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Title: Connectionism in expert systems
Author: MacRae, John R.
Awarding Body: University of Aberdeen
Current Institution: University of Aberdeen
Date of Award: 1989
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As the technology of computer systems matures, it is becoming clear that conventional techniques are inadequate for complex applications, and attention is being increasingly directed at the use of Knowledge-Based Systems technology. Critical problems in Knowledge-Based Systems are the representation of the expertise from the selected application, and in harnessing sufficient computing power to utilise the stored expertise. An idea which is currently popular in Artificial Intelligence research is that of using parallel processing to ensure that the expertise or knowledge is used effectively, within realistic timescales. Proposals vary in the degree of parallelism, and in the distribution of the problem solving activities. The theory of connectionism, which proposes that the knowledge representation and the problem solving computations are distributed across a very large number of processors, has generated considerable interest and response. Connectionist machines, sometimes known as massively parallel processors, are not highly parallel versions of conventional problem solving engines, but combine the representation of the problem with the processing to produce what is known as an active memory network. Research is described which investigates the application of connectionist theory to various complex problems. These problems are investigated within the context of conventional knowledge-based systems, with the aim of establishing if massively parallel technology realises an efficient problem solving engine. The difficulties associated with the representation and use of numbers in connectionist networks are addressed, the problem of relating the knowledge representation in expert systems to that in connectionist networks is resolved, and the potential for medium scale parallelism in knowledge-based systems is contrasted with the parallelism of connectionism. Finally, the vision of an ideal problem solving engine is considered; some aspects of the evolving designs approach this ideal, and are described.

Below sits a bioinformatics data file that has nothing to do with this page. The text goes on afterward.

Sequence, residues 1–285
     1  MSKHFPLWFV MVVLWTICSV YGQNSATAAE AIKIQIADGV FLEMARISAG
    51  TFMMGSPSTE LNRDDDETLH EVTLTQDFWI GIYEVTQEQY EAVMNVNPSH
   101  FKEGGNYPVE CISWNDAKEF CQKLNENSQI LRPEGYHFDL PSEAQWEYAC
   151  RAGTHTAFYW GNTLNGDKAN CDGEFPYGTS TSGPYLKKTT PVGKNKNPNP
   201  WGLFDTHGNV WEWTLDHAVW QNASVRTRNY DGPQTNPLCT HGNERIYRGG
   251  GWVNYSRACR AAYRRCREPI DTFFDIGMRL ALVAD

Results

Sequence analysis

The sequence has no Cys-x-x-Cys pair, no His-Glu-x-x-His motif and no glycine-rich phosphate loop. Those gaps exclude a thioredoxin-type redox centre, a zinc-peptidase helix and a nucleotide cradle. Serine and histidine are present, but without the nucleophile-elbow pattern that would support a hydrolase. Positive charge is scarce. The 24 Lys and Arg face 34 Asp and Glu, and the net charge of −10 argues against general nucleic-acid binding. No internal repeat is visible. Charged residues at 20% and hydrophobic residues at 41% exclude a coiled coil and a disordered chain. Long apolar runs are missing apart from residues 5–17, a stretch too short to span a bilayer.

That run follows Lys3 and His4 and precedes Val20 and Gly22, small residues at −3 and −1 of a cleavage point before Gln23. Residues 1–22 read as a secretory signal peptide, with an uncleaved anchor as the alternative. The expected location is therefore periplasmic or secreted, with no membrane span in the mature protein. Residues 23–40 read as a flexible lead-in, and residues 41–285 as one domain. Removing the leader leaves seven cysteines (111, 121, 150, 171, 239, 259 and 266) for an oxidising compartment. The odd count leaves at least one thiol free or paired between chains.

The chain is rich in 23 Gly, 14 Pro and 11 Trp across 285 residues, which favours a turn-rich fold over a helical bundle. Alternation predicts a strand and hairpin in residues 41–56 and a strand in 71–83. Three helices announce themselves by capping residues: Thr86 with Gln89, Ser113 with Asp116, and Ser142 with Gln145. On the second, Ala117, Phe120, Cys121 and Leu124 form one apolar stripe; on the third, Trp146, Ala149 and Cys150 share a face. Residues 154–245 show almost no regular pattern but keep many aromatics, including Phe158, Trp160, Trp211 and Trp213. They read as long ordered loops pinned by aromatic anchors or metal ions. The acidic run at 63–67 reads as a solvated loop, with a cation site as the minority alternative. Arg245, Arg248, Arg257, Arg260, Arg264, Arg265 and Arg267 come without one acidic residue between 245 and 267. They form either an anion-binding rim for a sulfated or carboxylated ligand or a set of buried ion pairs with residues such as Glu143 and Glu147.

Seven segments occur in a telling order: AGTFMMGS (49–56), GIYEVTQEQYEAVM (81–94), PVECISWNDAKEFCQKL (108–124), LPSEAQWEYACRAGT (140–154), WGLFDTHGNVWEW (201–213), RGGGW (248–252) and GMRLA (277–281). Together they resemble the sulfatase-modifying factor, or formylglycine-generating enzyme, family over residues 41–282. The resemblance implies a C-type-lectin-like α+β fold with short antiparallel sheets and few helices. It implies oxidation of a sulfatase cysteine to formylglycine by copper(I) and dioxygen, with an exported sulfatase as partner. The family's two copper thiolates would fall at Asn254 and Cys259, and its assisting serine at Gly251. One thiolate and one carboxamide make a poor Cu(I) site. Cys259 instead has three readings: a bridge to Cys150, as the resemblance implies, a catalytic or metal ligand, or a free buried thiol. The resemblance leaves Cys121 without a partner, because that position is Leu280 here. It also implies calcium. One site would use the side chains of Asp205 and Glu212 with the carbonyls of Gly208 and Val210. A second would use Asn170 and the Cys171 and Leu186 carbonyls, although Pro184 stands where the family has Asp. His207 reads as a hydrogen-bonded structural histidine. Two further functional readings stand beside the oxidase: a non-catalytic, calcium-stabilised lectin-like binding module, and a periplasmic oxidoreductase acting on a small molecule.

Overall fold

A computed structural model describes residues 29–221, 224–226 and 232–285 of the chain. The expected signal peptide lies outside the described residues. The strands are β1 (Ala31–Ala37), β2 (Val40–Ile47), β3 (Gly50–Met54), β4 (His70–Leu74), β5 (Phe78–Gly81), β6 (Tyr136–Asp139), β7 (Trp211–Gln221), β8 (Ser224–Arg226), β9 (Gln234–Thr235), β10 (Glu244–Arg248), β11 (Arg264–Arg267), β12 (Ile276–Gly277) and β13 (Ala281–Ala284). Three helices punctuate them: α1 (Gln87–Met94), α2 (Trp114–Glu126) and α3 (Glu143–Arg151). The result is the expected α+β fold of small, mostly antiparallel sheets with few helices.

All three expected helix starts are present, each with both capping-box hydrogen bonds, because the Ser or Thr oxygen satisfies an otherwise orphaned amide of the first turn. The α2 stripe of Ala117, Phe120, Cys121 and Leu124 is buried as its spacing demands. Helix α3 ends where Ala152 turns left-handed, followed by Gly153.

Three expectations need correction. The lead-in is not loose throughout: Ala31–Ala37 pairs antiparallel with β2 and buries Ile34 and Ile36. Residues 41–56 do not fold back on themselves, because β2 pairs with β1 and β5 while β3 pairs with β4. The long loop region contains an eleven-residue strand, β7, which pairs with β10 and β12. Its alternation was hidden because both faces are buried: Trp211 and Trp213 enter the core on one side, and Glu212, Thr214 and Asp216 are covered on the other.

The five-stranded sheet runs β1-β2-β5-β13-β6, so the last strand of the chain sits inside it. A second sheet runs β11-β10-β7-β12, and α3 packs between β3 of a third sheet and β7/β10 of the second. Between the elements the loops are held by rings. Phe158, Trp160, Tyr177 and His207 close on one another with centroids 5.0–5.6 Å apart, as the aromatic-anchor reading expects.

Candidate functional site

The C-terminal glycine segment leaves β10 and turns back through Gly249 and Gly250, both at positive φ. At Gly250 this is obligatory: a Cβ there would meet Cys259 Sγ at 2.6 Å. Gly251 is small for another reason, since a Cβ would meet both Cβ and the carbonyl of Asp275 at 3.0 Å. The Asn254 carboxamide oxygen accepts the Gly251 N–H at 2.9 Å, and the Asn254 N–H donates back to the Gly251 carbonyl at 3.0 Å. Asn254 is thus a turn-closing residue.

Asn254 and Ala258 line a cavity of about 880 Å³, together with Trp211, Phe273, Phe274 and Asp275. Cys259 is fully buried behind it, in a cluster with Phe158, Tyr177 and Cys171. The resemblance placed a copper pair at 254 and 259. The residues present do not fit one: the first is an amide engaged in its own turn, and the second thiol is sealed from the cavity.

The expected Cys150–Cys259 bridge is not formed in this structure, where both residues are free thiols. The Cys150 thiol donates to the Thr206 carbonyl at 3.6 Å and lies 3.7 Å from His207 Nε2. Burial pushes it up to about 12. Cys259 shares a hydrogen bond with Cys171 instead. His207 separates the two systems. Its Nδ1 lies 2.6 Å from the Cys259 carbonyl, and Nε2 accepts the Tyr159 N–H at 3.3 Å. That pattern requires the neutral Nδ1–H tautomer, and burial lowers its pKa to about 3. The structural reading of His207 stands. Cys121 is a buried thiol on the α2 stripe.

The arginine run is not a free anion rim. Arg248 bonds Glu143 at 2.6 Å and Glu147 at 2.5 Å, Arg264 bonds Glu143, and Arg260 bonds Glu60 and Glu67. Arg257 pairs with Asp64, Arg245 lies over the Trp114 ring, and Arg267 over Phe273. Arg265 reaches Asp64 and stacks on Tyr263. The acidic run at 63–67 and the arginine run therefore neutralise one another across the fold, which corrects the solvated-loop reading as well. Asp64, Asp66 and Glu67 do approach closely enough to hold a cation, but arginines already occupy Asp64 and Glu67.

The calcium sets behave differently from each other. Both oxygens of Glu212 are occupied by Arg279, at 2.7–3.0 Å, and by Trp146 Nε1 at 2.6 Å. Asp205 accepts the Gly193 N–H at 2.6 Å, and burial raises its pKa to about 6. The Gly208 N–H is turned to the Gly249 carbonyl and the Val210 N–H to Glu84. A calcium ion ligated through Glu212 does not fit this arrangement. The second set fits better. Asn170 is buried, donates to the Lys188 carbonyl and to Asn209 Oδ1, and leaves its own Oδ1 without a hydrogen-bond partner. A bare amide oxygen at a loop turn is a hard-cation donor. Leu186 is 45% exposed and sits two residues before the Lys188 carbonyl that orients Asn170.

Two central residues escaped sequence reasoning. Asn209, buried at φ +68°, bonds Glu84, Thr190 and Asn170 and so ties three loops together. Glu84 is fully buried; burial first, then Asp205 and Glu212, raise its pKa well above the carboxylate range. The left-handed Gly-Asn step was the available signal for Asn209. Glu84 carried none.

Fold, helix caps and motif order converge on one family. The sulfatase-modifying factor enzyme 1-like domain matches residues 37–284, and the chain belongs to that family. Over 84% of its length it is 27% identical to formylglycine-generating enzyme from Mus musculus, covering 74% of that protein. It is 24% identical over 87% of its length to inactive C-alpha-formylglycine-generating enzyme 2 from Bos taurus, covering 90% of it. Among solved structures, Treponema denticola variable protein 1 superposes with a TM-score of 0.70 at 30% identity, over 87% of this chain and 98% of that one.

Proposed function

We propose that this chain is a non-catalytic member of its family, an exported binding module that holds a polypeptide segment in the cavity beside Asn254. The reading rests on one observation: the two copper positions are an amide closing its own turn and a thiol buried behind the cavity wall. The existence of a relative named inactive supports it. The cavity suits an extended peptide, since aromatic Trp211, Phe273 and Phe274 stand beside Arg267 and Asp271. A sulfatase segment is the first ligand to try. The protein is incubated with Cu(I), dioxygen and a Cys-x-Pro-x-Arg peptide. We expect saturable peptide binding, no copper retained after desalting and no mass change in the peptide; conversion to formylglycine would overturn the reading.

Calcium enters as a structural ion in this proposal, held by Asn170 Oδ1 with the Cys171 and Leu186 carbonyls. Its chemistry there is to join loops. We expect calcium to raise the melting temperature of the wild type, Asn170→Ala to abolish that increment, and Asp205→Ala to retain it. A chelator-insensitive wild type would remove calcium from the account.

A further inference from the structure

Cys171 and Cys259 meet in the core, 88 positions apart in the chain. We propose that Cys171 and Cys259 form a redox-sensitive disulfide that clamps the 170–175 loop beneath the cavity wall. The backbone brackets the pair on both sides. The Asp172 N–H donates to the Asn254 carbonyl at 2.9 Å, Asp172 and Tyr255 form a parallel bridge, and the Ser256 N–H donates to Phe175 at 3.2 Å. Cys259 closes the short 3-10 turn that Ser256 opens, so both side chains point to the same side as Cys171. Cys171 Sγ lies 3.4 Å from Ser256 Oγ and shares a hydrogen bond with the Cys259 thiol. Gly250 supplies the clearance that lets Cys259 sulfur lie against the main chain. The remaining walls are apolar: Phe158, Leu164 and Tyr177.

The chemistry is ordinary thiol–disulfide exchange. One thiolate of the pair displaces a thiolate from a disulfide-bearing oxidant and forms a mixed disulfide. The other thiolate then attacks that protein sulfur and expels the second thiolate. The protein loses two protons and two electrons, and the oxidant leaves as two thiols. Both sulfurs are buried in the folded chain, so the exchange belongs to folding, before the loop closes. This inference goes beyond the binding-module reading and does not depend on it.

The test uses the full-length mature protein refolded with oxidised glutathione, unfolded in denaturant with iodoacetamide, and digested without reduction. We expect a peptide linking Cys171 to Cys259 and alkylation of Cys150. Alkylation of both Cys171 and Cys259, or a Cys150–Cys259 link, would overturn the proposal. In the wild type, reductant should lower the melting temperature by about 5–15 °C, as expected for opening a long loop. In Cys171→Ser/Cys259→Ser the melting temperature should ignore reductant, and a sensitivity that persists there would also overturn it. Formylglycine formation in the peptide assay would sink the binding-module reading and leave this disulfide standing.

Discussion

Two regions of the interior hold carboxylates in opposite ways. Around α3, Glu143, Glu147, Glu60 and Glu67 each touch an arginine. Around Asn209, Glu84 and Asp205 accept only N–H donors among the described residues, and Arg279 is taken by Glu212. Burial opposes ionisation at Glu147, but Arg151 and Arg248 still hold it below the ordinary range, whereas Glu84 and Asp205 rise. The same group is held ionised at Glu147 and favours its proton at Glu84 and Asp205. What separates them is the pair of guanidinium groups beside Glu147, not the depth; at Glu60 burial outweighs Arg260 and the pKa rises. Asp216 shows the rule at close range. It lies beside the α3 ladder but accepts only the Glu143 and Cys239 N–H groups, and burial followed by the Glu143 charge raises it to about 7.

Supervisor: Not available Sponsor: Not available
Qualification Name: Thesis (Ph.D.) Qualification Level: Doctoral
EThOS ID:  DOI: Not available
Keywords: Computer software & programming Computer software Electric engineering Computer science